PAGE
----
In contrast, the PFSR seems to be an easy, effective and reproducible measurement in screening for trisomy 21. Similarly to the facial angle, it combines two distinct facial characteristics of fetuses with trisomy 21: increased prenatal thickness and mid-face hypoplasia. The increased prenasal thickness inevitably leads to an increase in the denominator of the ratio, i.e. the distance between the frontal bone and the skin edge (d1). The short and dorsally displaced maxilla tilts the MM line closer to the forehead, reducing the numerator of the ratio, i.e. the distance between the skin edge and the MM line (d2). Therefore, both these factors act to reduce the PFSR in fetuses with trisomy 21.
Our results are consistent with the previously published 3D study that introduced the PFSR as a possible tool in screening for trisomy 21. In this study, the authors examined 26 second-trimester fetuses with trisomy 21 and found a mean PFSR of 0.36, which is consistent with 0.21 in our study. However, their mean PFSR in the euploid population was 1.48, which is substantially larger than the one seen in our study (0.97). Some of this difference may be explained by the fact that they used 3D blocks to generate the precise midline view. Although we collected good 2D images showing the fetal face in a mid-sagittal section, it is probable that a better mid-sagittal section could be generated by manipulating a 3D volume. This in turn may result in a better separation of euploid and aneuploid fetuses. To some extent, the difference could also be explained by ethnic differences and by the gestational age distribution in the study groups. The 3D study only included fetuses up to 25 weeks' gestation, whereas our study extended into the third trimester. However, both studies have shown that the ratio is independent of gestational age. As such, the inclusion of third-trimester pregnancies in our study is not likely to be responsible for this difference.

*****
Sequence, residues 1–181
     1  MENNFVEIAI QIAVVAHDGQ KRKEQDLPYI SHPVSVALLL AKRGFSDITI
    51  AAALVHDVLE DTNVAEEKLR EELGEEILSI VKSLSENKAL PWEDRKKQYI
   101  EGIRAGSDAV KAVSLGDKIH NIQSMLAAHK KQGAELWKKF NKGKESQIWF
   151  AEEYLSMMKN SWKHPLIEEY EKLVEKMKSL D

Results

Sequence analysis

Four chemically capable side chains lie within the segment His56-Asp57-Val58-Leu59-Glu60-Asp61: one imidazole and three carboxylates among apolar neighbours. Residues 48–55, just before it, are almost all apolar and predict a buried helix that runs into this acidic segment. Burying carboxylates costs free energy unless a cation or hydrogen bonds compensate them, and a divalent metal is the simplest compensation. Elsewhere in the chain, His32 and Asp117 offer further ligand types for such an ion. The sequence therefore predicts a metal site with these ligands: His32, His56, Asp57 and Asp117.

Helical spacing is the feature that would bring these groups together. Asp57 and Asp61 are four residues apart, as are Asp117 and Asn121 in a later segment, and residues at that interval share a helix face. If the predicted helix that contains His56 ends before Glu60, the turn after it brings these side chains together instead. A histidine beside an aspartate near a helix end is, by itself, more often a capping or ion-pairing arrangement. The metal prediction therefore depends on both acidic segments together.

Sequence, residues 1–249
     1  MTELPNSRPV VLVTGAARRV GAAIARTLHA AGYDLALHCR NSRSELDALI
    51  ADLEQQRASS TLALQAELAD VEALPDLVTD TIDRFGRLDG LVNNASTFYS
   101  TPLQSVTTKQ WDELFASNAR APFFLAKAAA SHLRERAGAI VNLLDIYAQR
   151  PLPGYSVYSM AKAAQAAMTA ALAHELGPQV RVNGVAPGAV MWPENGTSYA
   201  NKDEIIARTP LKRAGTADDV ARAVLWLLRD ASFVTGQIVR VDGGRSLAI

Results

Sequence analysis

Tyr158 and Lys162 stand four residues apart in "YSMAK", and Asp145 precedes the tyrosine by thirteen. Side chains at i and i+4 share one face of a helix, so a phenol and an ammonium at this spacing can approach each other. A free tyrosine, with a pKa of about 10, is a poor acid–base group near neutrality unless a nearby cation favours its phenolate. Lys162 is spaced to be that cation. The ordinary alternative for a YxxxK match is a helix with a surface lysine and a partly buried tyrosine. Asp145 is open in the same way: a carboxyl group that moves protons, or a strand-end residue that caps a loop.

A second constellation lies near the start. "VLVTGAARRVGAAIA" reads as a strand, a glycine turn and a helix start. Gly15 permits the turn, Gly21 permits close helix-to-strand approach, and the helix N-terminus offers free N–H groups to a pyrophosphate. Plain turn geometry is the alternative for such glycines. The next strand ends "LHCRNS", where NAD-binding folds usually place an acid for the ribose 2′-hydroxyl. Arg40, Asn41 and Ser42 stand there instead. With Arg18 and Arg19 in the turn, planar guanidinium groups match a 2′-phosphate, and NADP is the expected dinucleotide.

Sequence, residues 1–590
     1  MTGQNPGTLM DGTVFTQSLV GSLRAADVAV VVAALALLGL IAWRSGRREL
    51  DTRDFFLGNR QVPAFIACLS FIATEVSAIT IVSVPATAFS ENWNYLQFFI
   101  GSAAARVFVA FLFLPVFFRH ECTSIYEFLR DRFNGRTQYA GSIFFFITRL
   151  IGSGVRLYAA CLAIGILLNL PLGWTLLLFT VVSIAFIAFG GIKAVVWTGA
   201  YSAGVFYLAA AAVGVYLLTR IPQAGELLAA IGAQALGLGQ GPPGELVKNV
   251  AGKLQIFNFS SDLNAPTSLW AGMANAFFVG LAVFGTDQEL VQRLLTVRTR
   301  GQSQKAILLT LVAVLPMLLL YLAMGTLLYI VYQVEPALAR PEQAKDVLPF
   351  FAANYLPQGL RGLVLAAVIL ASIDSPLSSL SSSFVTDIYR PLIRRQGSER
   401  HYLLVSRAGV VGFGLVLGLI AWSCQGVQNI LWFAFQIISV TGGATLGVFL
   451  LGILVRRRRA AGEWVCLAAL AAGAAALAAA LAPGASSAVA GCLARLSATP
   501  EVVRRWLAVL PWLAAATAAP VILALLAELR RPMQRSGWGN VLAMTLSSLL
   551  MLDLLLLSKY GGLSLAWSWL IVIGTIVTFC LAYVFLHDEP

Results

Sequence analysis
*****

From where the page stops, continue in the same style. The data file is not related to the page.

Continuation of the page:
The main disadvantage of our study is that some of the affected fetuses were referred to us because of a previously identified increased risk for trisomy 21. It is possible that some of these referrals were based on increased prenasal thickness or a subjective suspicion of a flat fetal face. Consequently, the finding of an abnormal PFSR in those fetuses with trisomy 21 may be overrepresented. Further studies need to focus on PFSR in prospective second-trimester screening for trisomy 21.